Limekiln State Park
Encircling redwood forests, and the dramatic nature of the Santa Lucia Range spreading out into the ocean, Limekiln State Park highlights much of what makes Big Sur so special. Adjoining the Ventana Wilderness within the Los Padres National Forest, Limekiln State Park offers plenty of things to do, from trails to hike, to campsites, as well as tumbling waterfalls and sweeping coastal views.
Garrapata State Park
Towards the north of the Big Sur coast, Garrapata State Park offers beach access, coastal canyon hiking trails, and outstanding headland views, which are accessible through various pullouts on Highway 1, Garrapata Beach is on the south end of the park near mile marker 17 and 18. Farther north, inland hiking trails explore up and down Soberanes Canyon.
The hiking trail that expands onto Sobranes Point is much less crowded compared to other state parks in the area, providing some of the thickest waves with the best views of the Big Sur coast.
Two miles north of Julia Pfeiffer Burns State Park, Partington Cove offers a coastal canyon route to the ocean. Parking on a large sweeping curve of Highway 1, tourists cross the road towards a large metal gate to hike the curving forest road down to Partington Cove. After a steep mile heading downhill, a historic 60-foot tunnel reveals some of the tanbark histories of the cove, with the tranquil waters appearing shortly after exiting the tunnel.
Where to Stay in Big Sur, California?
To soak in the beauty of Big Sur, consider booking a few nights at the elegant Post Ranch Inn. With rooms, suites, and house rentals that blend beautifully into the coastal environment. It’s a popular place for couples to spend a couple of nights curled up in comfy beds, with the sound of the ocean just inches away. This boutique hotel offers several amenities like fine dining and spa services to enjoy without leaving the property.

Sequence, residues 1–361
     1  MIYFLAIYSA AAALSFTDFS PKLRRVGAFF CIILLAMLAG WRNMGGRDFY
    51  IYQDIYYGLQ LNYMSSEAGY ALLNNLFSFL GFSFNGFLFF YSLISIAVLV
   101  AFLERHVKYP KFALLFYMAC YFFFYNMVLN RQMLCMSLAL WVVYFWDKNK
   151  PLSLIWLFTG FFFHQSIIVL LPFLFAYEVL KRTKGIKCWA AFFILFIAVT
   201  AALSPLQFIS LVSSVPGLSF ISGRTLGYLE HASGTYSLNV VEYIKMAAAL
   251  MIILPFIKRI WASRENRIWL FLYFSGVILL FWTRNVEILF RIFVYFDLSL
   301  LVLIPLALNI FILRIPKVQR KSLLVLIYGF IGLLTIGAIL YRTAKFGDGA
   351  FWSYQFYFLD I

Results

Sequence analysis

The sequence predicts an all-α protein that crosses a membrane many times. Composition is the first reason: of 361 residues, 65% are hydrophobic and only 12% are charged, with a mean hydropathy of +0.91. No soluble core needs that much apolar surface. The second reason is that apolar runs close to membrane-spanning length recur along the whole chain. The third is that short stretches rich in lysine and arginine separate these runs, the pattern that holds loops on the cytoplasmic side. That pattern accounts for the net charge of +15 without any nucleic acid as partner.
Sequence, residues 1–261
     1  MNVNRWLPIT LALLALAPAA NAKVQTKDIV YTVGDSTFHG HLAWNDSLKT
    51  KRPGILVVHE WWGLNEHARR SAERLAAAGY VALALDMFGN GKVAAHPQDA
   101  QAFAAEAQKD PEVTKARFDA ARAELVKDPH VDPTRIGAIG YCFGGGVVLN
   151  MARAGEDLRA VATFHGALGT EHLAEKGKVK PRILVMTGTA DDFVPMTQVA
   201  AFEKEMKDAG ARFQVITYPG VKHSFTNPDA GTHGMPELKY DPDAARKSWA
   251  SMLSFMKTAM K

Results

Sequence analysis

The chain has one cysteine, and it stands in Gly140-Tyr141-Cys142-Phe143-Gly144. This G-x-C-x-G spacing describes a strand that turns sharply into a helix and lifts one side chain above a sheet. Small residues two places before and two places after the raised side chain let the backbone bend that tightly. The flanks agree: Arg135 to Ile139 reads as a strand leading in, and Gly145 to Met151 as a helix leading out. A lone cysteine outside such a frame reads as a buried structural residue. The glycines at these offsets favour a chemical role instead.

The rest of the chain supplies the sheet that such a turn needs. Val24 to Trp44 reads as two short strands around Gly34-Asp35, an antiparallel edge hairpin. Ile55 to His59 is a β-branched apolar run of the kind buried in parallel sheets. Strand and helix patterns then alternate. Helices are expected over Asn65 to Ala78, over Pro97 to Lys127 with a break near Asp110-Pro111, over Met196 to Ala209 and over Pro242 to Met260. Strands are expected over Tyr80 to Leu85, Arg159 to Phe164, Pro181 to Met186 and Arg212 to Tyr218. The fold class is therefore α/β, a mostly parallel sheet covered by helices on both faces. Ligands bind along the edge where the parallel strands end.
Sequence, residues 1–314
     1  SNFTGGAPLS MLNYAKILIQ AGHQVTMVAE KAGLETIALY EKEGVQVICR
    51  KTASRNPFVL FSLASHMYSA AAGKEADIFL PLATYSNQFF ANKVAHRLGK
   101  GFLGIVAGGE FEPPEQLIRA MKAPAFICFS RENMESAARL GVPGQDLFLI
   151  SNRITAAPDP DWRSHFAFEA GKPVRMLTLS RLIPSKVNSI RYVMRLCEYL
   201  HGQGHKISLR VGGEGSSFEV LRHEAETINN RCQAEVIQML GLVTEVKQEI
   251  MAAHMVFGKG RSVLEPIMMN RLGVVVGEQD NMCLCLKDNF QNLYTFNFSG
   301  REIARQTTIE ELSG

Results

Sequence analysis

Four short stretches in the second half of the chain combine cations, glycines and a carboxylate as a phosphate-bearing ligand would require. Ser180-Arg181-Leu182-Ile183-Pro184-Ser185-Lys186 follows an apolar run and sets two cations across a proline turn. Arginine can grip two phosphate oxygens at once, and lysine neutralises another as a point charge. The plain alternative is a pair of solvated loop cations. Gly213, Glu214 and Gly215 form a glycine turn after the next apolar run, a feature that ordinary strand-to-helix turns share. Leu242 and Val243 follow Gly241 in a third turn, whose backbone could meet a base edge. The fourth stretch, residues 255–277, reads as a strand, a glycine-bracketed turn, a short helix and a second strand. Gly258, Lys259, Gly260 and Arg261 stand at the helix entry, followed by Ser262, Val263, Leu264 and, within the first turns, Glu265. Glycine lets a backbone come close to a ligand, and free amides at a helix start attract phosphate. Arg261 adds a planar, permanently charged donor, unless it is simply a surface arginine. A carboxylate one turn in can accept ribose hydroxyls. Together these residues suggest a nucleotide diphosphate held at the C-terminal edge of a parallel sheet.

The Ventana Big Sur is a luxurious wilderness resort that caters to every aspect of a relaxing vacation. Several of the resorts’ marvelous rooms, suites, and private homes have unique amenities like outdoor showers or hot tubs. You can take part in yoga classes, meditation workshops, and daily Sunset Hours on the public patio.
The Big Sur River Inn is amongst the area’s oldest hotels, celebrating over 80 years in the region. Today, it’s a central tourist spot along the Big Sur River and an incredible stopover for many road trip vacations. Big Sur River Inn offers quaint guest rooms and riverside suites. All overnight accommodations have a somewhat comforting sensation surrounded by woodland. In immediate proximity are an adjacent restaurant, general store, and gas station.
Fernwood Resort is a budget-friendly hotel, offering the best of values. The resort provides a range of overnight accommodations, including motel rooms, forest cabins, and adventure tents. Standard campsites are also available; a grocery store on the premises is a central place for snacks and supplies while visiting, and a site grill offers heartier meals.
Purple Sand Beach
Visiting Big Sur California for the infamous purple sands might just make your entire weekend. But there are areas outlining Pfeiffer Beach that are also worth exploring, whilst catching glimpses of the incredible ocean in the distance. Light drizzles of trickling water from waterfalls are enough to lure tourists to locations like Mcway Falls, so that you can stand fixated on the clear waters hitting the bottom, gently spraying your cheeks.
Though the obsession with the purple sands of Pfeiffer Beach may never fade, it’s worth becoming acquainted with the serene views that accompany the mesmerizing beach.
FAQs (Frequently Asked Questions)
What is Purple Sand Made of?
Purple sand is mostly composed of garnet, which is found in the hills that surround the beach, so when rain falls it creates purple sand hues on the sand.